If data is the “new oil” of industry, what does that make your people?

What can we learn from the use of data during the COVID-19 crisis.

If data is the “new oil” of industry, what does that make your people?
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We often visit CEO’s, Heads of Transformation, culture “experts” and performance leads, to talk about transformation and performance improvement. We often hear data is the new golden bullet that will help them be smarter, do a better job, drive more revenue or provide a better service.

Organisations will spend in some cases many millions of pounds, euros or dollars setting up data warehouses, data cleansing, data analysis and data mining systems. Data seems to have become the wonder drug that people believe will transform their businesses overnight.

And you can see the attraction. For some we’ve seen data, particularly at large scale, enable a business to identify a gap and fill it (think for example of insurance companies who now seem to know your inside leg measurement, what you had for breakfast and if that means they can charge you more to insure your Renault Clio). Data is helping many companies predict their most likely outturn performance earlier, and possibly change direction if and when they need to.

But when we talk to the day to day manager, the head of a service, the front line staff, we realise the data isn’t frequently enough being cascaded into activity and it’s not having the day to day impact everyone thought it might.

Now, don’t get me wrong. I LOVE data and what it can do for business (even if I do think there are much better and cheaper ways to get access to it nowadays, especially for SME’s than data warehouses, data lakes or puddles or whatever jargon we hear next). A degree in statistics kicked off my career in generating amazing fact-based business storytelling. BUT and this is a BIG but, data is a tool – it is a tool for PEOPLE to use. It’s a tool to help guide OUR next best actions and it’s only useful IF you can do something about it.

So, what’s the blocker?

Why aren’t we seeing thousands of staff re-aligning their day to day activity to achieve better outcomes through their use of so much more data?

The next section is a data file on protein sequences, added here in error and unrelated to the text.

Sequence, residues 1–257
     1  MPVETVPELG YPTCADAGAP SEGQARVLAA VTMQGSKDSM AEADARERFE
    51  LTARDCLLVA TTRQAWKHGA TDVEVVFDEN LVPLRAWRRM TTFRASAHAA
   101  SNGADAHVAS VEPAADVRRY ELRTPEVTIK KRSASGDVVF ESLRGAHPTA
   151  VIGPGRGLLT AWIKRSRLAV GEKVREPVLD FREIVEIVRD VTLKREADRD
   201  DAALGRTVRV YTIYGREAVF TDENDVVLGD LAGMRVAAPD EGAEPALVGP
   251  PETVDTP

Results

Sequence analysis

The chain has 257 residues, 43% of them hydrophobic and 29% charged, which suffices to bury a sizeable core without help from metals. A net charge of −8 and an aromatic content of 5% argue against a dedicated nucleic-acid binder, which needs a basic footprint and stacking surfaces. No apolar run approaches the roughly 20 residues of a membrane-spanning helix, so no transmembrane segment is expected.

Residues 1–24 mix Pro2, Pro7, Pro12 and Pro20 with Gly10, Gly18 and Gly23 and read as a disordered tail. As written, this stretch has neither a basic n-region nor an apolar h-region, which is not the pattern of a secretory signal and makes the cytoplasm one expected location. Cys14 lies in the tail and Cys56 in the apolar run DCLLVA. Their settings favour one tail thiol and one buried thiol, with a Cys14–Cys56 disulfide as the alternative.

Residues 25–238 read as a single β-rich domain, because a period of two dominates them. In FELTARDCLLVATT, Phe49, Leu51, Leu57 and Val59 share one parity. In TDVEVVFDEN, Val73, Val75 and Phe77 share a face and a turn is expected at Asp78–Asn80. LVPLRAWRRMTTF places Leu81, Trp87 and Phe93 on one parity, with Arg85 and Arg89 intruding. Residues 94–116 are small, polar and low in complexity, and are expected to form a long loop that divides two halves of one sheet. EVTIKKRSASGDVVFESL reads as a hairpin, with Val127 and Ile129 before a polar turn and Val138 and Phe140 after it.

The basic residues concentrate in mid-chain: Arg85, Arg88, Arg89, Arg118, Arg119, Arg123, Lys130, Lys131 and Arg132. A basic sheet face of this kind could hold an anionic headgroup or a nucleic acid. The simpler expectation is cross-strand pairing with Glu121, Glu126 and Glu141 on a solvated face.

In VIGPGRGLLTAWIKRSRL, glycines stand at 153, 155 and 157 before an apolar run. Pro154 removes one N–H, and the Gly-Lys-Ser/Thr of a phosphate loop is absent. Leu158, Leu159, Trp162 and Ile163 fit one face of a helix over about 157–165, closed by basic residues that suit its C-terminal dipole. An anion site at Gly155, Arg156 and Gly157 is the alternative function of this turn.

Why are we not seeing rafts of decisive actions every day driving the economy better than ever, improving the environment successfully, achieving social care improvements, reducing inequality, improving lives as a result of all of this the data?

Is data really a golden bullet to drive improvement?

What COVID-19 has shown us, more than at any other time in the last 50 years, is that focused people can and will do amazing things.

If you said to me a year ago that the NHS could build a hospital in days it would be laughable, yet here we are with 7 being built to support 10,000+ patients and what’s more, each hospital is actually fit for purpose.

When talking to headmasters, they say they have achieved in 2-3 weeks what they were thinking about trying to achieve over 2-3 years in the use of technology platforms for learning.

For over 80% of office workers to have been moved, overnight, to working from home, would not have been on even the most optimistic Zoom executive’s business wish lists, yet the whole country, indeed the whole of Europe and beyond have done it.

The ‘Nightingale Effect’ as I call it, referring to all these wondrous achievements, is one worth looking at as we prepare to recover and rebuild our organisations, businesses, economies and societies in the second half of 2020 and beyond.

In the face of the virus, we have seen the incredible achieved at pace. In the aftermath, how can we leverage lessons learnt to be more successful?

What can we learn from the Nightingale effect?

LEARNING # ONE: Clear Purpose and focus

Purpose and Direction

Simply, we’re in it together!! Clarity of purpose is about creating a well-articulated and communicated, common understanding of the situation and the goals that we want to achieve that everyone can buy into.

It's getting teams of people all strategically aligned in a unified direction, working to streamlined goals and focused on the end result. Teams can do incredible things when they really focus on what matters.

Just remember to do that you also need to...

Cut out the wasted effort

Make sure that the actions that need to get done, get done. Cut out the rest.

Have you seen the pictures of A&E recently – basically empty! We are all staying at home, we are freeing up critical NHS resources, so those doctors, nurses, porters, radiographers and indeed every critical care resource, in turn, can focus on saving lives. If they were still wasting time on non-urgent cases, we’d have a higher COVID death rate.

Your business will want to do the same. What’s your imperative? What do you want to be famous for? Whatever it is that REALLY matters - deliver that, park everything else until that is really working well.. then occasionally build on the nice to haves.

LEARNING # TWO: People should be and can be empowered and valued

Trust

During this crisis, devolved decision making has become more wide-spread. A lengthy process of up-and-down command chain decision-making creates a drag on progress that more trust and empowerment enables the organisation to overcome, and as a result achieve much more in a much shorter period of time.

Share and Use INFORMATION and data

Argh, I hear you say… we’ve gone full circle back to the data – yes I agree with you… a bit. But actually its MUCH more than just data! What people need to be empowered and make a decision is MORE THAN numbers. They need context, prioritisation, history of what actions were already tried, their relative success, benchmarking, sharing over a wide area with like-minded people doing similar things. We are all realising that the role of the manager to make a critical, effective, developed decision needs WAY more than just more data.